The Visio diagrams are built using the EntDiag1.vst template file. The file must be in your Project Analyzer directory. You can edit the file to tune the diagrams to your own tastes. As an example, you can change the shapes or their colors. Keep the shape names unchanged as they are used by Enterprise Diagrams.

Tip: The various layout options in Visio may prove useful. Experiment to find the best layout for your project.

Diagram save formats

You can save the diagrams in several file formats.

Diagramming tasks

Who calls function A?
Select the Procedure calls diagram type. Drag function A to the Diagram items list. Select function A. Select Indefinite levels and press the "From" button. Add the found procedures by pressing <<, then press Draw. The result is a diagram showing all callers of function A, recursively.
What happens in response to Event MyClass.Click?
Select the Procedure calls diagram type. Drag MyClass.Click to the Diagram items list. Select MyClass.Click. Press the "To" button. Add the found procedures by pressing <<, then press Draw. The result is a forward call tree from MyClass.Click.
Diagram the forms of a program
Select the Form.Show order diagram type. Press >> to add all forms to the diagram, then press Draw.
Get a complete class hierarchy diagram
Select the Inherits and Implements diagram type. Press >> to add all classes. Press Clean unconnected and then Draw.
Who implements IMyInterface?
Select the Inherits and Implements diagram type. Drag IMyInterface to the Diagram items list. Select 1 level or Indefinite levels and press the "To" button. Add the found classes by pressing <<, then press Draw.
Understand the internal structure of a class
Select the Cohesion diagram type. A list of classes appears. Select the class you are interested in, press >>, then Draw. The diagram shows connections between the class's procedures and variables.
Locate classes to split
Select the Cohesion diagram type. A list of classes appears. Classes with a count of [2] or more are candidates for splitting. Select one, press >>, then Draw. The diagram suggests how to split the class.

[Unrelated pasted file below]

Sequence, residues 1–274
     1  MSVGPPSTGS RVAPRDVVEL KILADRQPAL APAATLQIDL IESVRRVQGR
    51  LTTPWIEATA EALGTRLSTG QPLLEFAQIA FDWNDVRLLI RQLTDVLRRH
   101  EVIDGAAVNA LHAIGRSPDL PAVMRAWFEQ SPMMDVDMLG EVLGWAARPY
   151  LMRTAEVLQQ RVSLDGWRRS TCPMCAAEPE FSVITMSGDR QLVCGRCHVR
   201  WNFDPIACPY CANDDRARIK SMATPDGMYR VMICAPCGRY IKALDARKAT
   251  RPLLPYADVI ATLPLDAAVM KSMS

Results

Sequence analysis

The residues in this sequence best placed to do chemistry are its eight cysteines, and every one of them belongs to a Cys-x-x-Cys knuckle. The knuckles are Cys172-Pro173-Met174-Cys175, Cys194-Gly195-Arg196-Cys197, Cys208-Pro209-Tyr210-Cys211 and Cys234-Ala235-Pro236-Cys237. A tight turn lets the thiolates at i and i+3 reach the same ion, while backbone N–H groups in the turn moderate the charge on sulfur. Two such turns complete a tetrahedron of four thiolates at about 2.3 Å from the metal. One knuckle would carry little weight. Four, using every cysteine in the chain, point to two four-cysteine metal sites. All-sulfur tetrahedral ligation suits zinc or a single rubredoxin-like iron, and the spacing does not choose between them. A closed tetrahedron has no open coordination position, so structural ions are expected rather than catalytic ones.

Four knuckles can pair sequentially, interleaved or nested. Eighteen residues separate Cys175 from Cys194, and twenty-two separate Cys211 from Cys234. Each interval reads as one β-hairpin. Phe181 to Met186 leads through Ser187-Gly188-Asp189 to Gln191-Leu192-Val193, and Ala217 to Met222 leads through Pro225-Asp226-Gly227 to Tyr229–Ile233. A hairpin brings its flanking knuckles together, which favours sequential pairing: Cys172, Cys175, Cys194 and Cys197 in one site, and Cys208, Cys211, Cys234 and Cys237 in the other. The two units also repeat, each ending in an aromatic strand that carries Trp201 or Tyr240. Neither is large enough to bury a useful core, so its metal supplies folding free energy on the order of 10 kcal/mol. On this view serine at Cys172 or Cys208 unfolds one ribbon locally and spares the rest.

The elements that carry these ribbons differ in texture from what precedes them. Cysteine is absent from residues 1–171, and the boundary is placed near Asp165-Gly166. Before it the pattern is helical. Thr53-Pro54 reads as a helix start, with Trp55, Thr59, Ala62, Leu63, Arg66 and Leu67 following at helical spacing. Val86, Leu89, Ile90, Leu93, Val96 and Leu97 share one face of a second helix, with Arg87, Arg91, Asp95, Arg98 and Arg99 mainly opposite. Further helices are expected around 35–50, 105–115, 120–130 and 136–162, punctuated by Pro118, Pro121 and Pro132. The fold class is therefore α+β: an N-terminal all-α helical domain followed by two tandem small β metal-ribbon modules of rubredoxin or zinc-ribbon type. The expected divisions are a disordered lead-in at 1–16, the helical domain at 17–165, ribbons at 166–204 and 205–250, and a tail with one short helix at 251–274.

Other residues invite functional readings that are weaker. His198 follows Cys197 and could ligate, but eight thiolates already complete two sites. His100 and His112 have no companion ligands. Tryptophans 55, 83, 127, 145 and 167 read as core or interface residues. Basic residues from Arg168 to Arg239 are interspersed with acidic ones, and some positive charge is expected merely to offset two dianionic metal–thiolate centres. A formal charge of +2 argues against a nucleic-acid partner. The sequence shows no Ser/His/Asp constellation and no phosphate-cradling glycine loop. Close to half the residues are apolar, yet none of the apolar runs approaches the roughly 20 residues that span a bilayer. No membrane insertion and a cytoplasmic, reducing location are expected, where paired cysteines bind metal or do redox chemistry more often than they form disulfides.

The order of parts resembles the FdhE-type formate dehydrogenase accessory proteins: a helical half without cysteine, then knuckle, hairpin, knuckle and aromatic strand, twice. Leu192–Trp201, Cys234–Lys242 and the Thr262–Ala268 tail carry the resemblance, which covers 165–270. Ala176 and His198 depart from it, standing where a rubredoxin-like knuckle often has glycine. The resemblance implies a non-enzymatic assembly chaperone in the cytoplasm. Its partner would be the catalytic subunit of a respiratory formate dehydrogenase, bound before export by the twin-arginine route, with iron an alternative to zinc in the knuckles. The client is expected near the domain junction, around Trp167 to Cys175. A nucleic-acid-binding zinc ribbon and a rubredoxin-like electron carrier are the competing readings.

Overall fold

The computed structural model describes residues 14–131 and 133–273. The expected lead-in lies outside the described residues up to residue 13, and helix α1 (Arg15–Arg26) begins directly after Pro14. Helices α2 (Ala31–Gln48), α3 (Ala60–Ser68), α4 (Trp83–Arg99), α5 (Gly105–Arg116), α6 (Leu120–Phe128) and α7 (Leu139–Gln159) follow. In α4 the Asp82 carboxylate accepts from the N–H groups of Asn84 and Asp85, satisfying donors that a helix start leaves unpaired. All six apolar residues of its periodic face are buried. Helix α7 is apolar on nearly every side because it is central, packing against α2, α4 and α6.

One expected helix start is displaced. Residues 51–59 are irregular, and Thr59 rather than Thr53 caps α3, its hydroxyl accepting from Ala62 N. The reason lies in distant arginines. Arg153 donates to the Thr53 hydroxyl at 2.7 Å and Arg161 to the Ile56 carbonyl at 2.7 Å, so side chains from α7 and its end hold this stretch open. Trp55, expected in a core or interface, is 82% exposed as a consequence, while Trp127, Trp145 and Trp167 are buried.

Locate unintentional recursion
Select the Recursion diagram type. Recursive procedure groups will be listed. Select one of the recursive groups and press >>, then Draw. If the list is empty, there is no indirect recursion in your program.


Enterprise Diagrams legend


Don't expect miracles! No diagramming solution can visualize a large complex system on a single sheet. The best diagrams are ones with less than 100 nodes. That means less than 100 files, modules or procedures, depending on which diagram type you want. There is no way we can fit all your 2000 procedures in a diagram while keeping it readable.

The more nodes and links there are, the less readable the diagram usually gets. Rather than charting the entire system, it is often a better idea to make several smaller charts.

Too big a diagram

File dependency diagram of a 70,000-line program (138 nodes, 470 links)

The monster diagram above is technically correct, yet totally unreadable. The program is complex but relatively well-structured. It is not overly large, only 70,000 lines. No matter what layout you use and how deep you zoom, you cannot read such a big graph. Instead of the big diagram, one would need to make several sub-diagrams, possibly by utilizing the Subsystem report.

Differences to Project Graph

Project Graph produces diagrams using a different approach. It is suitable for tree-format diagramming: links from the current node forward or backward. Enterprise Diagrams takes all links into account: all links to all directions from all nodes in the diagram. This makes the Enterprise Diagrams more complex but also more informative, covering all the information available.

Differences between Project Graph and Enterprise Diagrams
  Project Graph Enterprise Diagrams
Type Interactive tree Complex network
Output Image, print-out Image, print-out, Visio diagram
Graph types available
File dependencies Yes Yes: All, circular groups boxed or collapsed
Procedure calls Yes Yes: All, grouped by module, cross-module only
Inherits and Implements Yes Yes
Control flow Yes Yes
Data flow Yes Yes: All data flows, variable data flow
Variable access no Yes
Instantiate Yes Yes
Data declarations Yes (instantiation colored) Yes
Form.Show order Yes Yes
Project dependencies Yes (limited capability) Yes
File belongs to project no Yes
Cohesion no Yes
Recursion no Yes


If you experience an error every time you try to create a diagram, run Config.exe in your Project Analyzer directory.

See also


Project Analyzer Help